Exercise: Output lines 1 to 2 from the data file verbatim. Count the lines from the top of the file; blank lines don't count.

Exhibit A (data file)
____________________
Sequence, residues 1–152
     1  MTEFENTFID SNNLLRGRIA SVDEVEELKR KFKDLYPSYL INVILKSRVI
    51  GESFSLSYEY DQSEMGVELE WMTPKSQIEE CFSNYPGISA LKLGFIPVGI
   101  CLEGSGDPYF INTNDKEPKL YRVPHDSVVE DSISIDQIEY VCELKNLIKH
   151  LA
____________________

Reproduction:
Sequence, residues 1–152
     1  MTEFENTFID SNNLLRGRIA SVDEVEELKR KFKDLYPSYL INVILKSRVI